What is Advanced Illness?

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Advanced Illness occurs when one or more conditions become serious enough that general health declines, and treatments begin to lose their impact.  A process that continues to the end of life.

About Us

WV Caring, a 501 (c) (3), non-profit organization, is dedicated to serving individuals and their families transitioning through life-limiting illness with hospice care while providing outreach, education and expertise in grief support to the entire community.

WV Caring fills unmet patient care needs by taking on complicated diagnoses, making sure hospice pediatric care is available to our communities, and more that is not provided by other end-of-life care providers.

WV Caring serves 12 counties in West Virginia since 1983. It is owned by the communities it serves in North Central West Virginia. In fact, WV Caring is one of a few not for profit, stand-alone advanced illness care providers serving this area.

The Concept

WV Caring provides advanced illness care to support individuals and their families through transitioning through serious progressive conditions that limit daily activities. It is designed to ensure that the right care is provided at the right time and place. And, to empower patients and their families to get the care that they want, honors their dignity, and to avoid unproductive medical interventions. WV Caring’s advanced illness care is designed to help persons to live more comfortably and fully as possible.

Our Goal

  • To relieve pain, fear and loneliness. Our focus remains on the living that is taking place and to view the family as the whole unit of care.
  • We want our patients to “embrace life.” We do this by providing a seamless complete program of care, which includes: management of pain, physical support, spiritual support, psychological support and social support.

How Can We Help?

Hospice Care: Care designed to give supportive care to people in the final phase of a terminal illness and focus on comfort and quality of life, rather than cure. The goal is to enable patients to be comfortable and free of pain, so that they live each day as fully as possible. Aggressive methods of pain control may be used. Hospice programs generally are home-based, but they sometimes provide services away from home — in freestanding facilities, in nursing homes, or within hospitals. The philosophy of hospice is to provide support for the patient’s emotional, social, and spiritual needs as well as medical symptoms as part of treating the whole person.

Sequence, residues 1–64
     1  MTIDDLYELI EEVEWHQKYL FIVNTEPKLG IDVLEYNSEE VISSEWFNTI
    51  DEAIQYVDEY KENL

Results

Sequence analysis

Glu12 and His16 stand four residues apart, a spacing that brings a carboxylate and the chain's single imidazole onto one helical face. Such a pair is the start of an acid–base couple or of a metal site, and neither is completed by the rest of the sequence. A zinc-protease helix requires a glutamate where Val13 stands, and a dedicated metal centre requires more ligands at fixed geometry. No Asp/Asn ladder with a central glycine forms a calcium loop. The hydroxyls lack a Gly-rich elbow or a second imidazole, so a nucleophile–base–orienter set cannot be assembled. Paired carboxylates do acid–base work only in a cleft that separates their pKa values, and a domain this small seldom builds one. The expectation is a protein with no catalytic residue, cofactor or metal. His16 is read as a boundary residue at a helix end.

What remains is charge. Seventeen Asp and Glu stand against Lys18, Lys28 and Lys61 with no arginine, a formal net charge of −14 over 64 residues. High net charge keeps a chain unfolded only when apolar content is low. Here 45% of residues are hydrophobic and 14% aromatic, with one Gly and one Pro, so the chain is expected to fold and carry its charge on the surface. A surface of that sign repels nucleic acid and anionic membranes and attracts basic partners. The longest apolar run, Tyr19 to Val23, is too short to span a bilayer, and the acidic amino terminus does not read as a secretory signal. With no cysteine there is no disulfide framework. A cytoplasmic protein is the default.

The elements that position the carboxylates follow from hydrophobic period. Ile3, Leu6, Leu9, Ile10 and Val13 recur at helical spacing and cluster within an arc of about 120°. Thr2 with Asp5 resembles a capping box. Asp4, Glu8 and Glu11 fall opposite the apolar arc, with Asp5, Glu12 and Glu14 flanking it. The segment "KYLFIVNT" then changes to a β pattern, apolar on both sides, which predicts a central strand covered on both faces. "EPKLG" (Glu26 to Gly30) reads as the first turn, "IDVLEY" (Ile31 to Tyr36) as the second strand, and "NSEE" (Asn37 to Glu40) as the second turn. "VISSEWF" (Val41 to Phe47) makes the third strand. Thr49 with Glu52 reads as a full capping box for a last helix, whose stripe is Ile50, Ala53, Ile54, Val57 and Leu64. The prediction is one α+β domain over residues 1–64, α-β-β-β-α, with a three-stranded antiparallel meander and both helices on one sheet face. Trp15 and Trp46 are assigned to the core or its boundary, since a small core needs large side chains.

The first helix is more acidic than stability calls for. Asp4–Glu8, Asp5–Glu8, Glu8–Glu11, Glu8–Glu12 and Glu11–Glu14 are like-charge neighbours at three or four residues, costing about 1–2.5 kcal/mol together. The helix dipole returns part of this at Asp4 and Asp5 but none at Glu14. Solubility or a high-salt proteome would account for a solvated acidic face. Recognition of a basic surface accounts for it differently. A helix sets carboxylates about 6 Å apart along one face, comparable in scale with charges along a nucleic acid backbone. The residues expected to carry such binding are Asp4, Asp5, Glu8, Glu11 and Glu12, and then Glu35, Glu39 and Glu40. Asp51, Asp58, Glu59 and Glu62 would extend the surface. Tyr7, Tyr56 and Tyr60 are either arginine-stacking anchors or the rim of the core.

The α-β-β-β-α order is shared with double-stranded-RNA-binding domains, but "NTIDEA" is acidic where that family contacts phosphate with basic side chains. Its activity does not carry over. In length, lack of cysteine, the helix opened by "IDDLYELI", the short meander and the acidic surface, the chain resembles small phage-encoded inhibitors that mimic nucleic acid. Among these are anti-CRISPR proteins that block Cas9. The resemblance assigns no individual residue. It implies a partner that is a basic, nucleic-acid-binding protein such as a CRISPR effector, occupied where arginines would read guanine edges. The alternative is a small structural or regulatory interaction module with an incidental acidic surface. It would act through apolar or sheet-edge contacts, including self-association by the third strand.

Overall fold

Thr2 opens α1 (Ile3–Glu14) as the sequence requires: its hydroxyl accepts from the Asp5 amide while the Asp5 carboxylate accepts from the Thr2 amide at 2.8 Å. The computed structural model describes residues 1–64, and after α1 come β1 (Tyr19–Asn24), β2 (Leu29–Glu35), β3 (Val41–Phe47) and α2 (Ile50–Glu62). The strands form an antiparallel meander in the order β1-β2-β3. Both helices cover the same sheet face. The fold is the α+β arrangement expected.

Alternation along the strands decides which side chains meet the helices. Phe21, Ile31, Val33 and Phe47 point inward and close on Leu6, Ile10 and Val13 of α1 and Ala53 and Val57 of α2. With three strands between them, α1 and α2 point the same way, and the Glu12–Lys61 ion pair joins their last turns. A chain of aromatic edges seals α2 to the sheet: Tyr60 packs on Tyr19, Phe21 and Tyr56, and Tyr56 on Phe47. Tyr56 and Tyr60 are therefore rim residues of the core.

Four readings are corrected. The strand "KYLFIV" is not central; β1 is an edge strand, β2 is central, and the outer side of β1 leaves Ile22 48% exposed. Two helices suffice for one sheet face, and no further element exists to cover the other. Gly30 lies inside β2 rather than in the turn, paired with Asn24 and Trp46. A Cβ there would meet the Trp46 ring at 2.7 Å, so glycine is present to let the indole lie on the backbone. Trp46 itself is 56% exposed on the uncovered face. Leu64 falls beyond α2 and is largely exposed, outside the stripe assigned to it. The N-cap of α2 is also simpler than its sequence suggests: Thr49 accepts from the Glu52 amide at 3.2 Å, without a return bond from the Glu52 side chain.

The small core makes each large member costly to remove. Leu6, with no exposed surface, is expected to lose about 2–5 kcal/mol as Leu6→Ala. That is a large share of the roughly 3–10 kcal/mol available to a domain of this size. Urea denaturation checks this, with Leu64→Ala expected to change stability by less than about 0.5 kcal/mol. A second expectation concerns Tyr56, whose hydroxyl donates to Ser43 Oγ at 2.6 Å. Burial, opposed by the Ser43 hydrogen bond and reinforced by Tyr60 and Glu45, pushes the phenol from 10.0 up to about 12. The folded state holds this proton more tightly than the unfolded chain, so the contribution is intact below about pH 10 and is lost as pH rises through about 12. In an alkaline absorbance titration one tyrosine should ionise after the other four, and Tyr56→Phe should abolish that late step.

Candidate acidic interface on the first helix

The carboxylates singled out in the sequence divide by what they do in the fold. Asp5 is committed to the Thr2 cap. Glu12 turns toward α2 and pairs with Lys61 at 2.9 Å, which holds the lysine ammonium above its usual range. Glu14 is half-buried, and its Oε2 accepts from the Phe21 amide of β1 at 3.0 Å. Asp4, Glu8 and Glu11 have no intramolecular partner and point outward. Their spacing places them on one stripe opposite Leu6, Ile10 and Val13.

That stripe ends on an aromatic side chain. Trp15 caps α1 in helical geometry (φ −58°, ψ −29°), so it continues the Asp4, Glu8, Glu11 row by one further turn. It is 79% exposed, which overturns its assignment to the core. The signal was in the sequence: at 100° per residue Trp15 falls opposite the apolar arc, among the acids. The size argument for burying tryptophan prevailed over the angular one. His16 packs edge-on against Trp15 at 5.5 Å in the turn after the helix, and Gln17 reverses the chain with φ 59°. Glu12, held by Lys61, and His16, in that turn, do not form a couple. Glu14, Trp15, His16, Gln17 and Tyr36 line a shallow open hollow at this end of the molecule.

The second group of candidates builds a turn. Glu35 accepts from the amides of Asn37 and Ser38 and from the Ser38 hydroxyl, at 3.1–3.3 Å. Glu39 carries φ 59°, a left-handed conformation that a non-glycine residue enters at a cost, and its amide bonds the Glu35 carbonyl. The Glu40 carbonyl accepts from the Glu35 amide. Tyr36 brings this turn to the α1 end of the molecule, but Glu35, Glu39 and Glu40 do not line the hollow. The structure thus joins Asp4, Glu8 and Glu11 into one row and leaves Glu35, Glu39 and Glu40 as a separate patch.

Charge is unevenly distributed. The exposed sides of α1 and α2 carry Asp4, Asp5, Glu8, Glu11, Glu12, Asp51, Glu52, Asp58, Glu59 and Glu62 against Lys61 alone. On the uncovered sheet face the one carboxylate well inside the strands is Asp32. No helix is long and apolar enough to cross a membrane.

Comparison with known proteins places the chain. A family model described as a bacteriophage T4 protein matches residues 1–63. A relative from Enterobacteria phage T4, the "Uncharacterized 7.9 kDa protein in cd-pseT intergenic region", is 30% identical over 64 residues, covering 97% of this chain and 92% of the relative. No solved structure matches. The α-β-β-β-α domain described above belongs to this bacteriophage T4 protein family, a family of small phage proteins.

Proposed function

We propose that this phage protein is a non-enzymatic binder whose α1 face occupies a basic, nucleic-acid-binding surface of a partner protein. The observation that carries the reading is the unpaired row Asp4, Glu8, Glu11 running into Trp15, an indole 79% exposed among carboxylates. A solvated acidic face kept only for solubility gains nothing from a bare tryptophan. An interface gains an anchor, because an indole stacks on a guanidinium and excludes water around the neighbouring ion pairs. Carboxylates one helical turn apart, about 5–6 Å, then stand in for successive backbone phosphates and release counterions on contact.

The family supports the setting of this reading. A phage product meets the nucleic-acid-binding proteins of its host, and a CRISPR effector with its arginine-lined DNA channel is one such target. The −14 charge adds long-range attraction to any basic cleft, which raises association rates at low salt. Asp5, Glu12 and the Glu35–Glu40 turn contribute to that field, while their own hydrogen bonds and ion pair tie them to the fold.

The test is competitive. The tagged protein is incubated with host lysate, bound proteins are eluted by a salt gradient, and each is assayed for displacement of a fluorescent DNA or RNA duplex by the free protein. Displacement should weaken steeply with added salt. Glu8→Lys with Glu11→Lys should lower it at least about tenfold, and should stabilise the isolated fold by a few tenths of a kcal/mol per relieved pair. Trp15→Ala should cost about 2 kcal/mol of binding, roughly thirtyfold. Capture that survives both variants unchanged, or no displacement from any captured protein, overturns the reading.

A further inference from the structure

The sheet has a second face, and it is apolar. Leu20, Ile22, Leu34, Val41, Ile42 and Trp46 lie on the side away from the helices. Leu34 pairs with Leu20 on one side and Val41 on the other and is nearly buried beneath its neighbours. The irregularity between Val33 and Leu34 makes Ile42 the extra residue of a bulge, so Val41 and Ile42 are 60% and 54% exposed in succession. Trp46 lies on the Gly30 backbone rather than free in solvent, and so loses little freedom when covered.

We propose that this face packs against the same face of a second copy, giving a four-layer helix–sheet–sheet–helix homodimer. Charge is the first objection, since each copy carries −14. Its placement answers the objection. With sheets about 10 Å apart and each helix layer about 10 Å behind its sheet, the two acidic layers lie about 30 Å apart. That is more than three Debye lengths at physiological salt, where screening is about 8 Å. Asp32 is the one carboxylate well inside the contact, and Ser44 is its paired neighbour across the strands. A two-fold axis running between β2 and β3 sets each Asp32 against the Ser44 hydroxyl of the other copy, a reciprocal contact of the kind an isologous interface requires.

Hospice programs generally use a multidisciplinary team approach, including the services of a nurse, doctor, social worker and clergy in providing care. Additional services provided include drugs to control pain and manage other symptoms; physical, occupational, and speech therapy; medical supplies and equipment; medical social services; dietary and other counseling; continuous home care at times of crisis; and bereavement services. Although hospice care does not aim for cure of the terminal illness, it does treat potentially curable conditions such as pneumonia and bladder infections, with brief hospital stays if necessary. Hospice programs also offer respite care workers, people who are usually trained volunteers, who take over the patient’s care so that the family or other primary caregivers can leave the house for a few hours. Volunteer care is part of hospice philosophy.

The word “hospice” comes from the Latin “hospitium” meaning guesthouse. It was originally described a place of shelter for weary and sick travelers returning from religious pilgrimages. During the 1960’s, Dr. Cicely Saunders began the modern hospice movement by establishing St. Christopher’s Hospice near London. St. Christopher’s organized a team approach to professional caregiving, and was the first program to use modern pain management techniques to compassionately care for the dying. The first hospice in the United States was established in New Haven, Connecticut in 1974. Today more than 4,800 hospice programs across the country offer comprehensive hospice care. Most insurance plans in the US include hospice as a covered benefit.

– Source: MedicineNet